”Sometimes you play well, but other times it’s impossible to hit the ball, for example, if it touches the net and suddenly changes direction.”

Wong Wai Yee CPA, in 2007 having won the women’s singles, women’s doubles and mixed doubles at the Institute’s table tennis tournament. She rejoined the TTIG in 2019.

Returning to the team 

The social side of table tennis has also been a major draw for Wong Wai Yee CPA, who has recently been able to return to the game. Like many of her fellow CPAs, Wong also began playing as a student in Hong Kong and always made time to practice and compete, even as a busy working adult. She swept the Institute’s very first table tennis tournament in 2007 by winning the women’s singles, women’s doubles and mixed doubles games.

But then, 12 years ago, she suffered a brain haemorrhage, forcing her to quickly reassess her priorities as she juggled recovery from brain surgery with family and career responsibilities. Despite her love for table tennis, she put it on hold until 2019, when she rejoined the TTIG as part of her rehabilitation.

As part of that journey, Wong says table tennis has helped her to get exercise without overstraining herself and also return to a more active social life after putting other priorities first for many years. “It was a good decision. I decided to reach out to my professional peers after closing myself off for so many years. I’m healthier and happier now, and table tennis has been a positive contribution to my health,” Wong says. “While I played quite intensively before, now I try to see how much I can catch up with my peers’ intensity, without the cost of physical and mental pain. I get social benefits, health benefits and the sport also helps me to reduce my stress.”

While Wong has a table tennis machine that allows her to practice at home, she has also enjoyed meeting her teammates, who have offered her advice on how to improve or where to get a massage when the game leaves her feeling sore. “I don’t rely on winning to make me feel happy. I would rather enjoy whatever I commit to and take part in, and enjoy the process instead of only focusing on the result. I get a second chance to live again now, so I want to enjoy my life – enjoyment is more important than winning to me, personally,” she says.

“I’m healthier and happier now, and table tennis has been a positive contribution to my health.”

Kelvin Lam CPA joined the TTIG in 2013.

Low impact exercise  

Kelvin Lam CPA also returned to playing table tennis after a lengthy gap and some health problems stemming from a sedentary lifestyle. “I started playing table tennis in primary school and continued to play in secondary school. I joined the school team and played in interschool competitions, but after I graduated from high school I stopped playing. I only recently started to play again,” says Lam, who joined the TTIG in 2013. “Some time ago, I started experiencing some back pain due to a lack of exercise – I wanted to strengthen my muscles, which is why I started playing again.”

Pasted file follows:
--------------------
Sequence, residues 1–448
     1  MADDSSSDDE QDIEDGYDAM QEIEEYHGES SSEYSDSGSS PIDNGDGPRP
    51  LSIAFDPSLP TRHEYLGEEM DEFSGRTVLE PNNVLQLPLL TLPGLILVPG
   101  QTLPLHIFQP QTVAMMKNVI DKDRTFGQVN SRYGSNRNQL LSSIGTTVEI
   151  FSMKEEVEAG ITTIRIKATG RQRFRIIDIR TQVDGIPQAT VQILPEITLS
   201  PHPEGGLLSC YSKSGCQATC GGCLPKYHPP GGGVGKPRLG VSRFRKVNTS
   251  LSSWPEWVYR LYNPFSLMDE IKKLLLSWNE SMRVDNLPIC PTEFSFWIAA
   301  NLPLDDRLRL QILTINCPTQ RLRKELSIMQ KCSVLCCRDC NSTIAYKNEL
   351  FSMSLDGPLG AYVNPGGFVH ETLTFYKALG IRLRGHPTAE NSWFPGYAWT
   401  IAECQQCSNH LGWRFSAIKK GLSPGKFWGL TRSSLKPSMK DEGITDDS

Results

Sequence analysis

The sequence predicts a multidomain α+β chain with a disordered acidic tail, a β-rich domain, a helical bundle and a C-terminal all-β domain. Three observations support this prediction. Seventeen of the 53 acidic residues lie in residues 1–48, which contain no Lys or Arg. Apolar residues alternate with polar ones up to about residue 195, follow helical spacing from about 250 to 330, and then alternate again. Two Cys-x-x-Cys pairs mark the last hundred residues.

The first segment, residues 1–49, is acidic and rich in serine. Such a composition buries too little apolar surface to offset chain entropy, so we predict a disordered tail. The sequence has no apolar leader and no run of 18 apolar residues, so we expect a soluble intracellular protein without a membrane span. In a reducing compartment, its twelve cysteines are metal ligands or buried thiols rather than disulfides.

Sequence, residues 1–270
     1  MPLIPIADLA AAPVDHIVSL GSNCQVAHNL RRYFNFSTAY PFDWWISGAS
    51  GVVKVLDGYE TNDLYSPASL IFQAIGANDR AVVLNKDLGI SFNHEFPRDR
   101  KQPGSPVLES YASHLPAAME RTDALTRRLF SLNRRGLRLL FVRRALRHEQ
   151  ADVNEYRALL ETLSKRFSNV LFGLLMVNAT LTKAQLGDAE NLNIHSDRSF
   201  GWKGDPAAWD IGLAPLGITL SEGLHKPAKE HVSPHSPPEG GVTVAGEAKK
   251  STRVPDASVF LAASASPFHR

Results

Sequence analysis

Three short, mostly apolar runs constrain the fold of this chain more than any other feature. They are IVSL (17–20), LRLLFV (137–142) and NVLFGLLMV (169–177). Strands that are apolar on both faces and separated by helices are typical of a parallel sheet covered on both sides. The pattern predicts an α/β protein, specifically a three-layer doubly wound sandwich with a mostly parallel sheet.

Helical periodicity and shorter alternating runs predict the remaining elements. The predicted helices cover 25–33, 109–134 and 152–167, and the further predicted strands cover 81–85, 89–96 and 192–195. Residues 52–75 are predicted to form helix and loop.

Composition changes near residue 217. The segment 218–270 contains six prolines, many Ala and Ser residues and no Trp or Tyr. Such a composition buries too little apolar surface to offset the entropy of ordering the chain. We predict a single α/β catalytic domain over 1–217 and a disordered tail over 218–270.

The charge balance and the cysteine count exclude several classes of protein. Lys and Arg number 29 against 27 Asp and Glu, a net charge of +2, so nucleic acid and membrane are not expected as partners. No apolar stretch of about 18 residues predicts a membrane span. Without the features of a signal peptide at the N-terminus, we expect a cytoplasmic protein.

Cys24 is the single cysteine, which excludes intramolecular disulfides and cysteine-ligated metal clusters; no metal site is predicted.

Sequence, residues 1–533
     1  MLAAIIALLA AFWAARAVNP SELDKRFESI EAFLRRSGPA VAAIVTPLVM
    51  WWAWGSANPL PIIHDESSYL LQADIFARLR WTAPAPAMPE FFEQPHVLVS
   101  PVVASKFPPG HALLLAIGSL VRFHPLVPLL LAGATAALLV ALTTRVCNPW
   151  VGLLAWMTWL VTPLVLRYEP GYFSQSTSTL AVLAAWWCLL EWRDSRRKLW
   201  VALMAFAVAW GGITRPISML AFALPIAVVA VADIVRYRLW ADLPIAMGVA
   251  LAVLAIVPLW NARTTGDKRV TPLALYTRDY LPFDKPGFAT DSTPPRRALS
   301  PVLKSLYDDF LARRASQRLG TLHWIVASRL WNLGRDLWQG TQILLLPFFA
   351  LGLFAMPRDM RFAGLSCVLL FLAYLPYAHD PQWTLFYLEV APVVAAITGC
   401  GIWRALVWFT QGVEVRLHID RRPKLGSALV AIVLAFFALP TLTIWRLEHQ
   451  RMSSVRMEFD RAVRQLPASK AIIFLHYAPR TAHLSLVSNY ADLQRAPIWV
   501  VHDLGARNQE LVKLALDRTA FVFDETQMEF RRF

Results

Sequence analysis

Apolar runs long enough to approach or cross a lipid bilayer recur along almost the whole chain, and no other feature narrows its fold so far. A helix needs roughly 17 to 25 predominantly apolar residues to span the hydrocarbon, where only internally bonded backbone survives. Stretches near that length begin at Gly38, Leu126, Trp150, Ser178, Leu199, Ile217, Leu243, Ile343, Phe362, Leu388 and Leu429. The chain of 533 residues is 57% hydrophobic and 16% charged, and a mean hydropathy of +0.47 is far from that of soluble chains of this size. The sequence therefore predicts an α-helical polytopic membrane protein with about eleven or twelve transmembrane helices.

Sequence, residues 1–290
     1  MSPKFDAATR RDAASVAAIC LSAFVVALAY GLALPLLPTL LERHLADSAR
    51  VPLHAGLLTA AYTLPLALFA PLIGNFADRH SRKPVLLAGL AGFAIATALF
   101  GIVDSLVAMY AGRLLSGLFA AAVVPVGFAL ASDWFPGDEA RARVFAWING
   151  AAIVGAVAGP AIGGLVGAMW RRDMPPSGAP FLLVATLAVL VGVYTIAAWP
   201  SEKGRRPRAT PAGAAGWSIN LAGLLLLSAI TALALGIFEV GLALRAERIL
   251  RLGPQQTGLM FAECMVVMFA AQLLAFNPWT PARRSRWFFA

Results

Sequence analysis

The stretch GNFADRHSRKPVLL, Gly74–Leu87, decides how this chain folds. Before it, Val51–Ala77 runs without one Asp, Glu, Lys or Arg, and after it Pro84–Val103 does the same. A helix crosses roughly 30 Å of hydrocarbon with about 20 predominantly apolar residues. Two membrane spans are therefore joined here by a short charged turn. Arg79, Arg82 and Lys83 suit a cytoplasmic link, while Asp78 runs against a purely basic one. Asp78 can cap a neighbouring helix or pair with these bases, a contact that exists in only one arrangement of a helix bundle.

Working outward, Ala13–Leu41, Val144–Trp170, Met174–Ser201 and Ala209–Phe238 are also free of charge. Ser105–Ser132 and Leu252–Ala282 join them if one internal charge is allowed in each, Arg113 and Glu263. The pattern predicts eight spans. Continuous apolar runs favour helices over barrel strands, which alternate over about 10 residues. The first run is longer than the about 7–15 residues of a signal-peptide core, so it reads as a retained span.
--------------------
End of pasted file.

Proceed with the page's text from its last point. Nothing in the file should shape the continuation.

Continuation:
Lam also participates in many of the TTIG’s practice sessions. Though new players are always welcome, he encourages anyone starting from scratch to consider hiring a coach to teach them the correct moves in the beginning.

“There are lots of moves to learn in table tennis, and a coach can help you to learn moves such as like serving, receiving, looping and smashing. It’s not an easy sport if you want to play well, but a coach can help you improve quicker,” he says.

Lam adds that an instructor could also help players trying to improve their game. “After you reach a certain level, it’s not easy to break through and reach the next stage. I think that any athlete will encounter that,” he says.

“It’s not an easy sport if you want to play well, but a coach can help you improve quicker.”

Joining the team 

Aside from providing an outlet for passionate table tennis players to play and improve, the interest group is also a way for CPAs of all ages to make new friends and socialize outside of work. Practice sessions are booked by the Institute and take place either on Hong Kong Island or Kowloon.

“I practice weekly with the TTIG,” says Wan. “On top of that I have also joined another table tennis interest group with a mixed group of people from different walks of life and different professions. I try to play table tennis two to three times every week and get to know new people and new friends through these interest groups.”

Chan Yuen Lam says players shouldn’t feel intimidated about joining the interest group, even if they are new to the game or returning after a hiatus. “Just bring your paddle. It’s not something hard to learn, and with constant practice, you’ll be able to master the moves as well. Everyone knows we are all at a different stage of mastering table tennis, so it’s all very friendly,” she adds. “Most CPAs in Hong Kong have quite a stressful life, so I think table tennis is a convenient way for us to take a couple of hours out of every week to do some sports and relax. I would strongly recommend members, especially female members, to join our table tennis team.”

The Institute’s Table Tennis Interest Group is open to all members interested in the sport. For more information on all 15 of the sports and recreational interest groups, please visit the Institute’s website.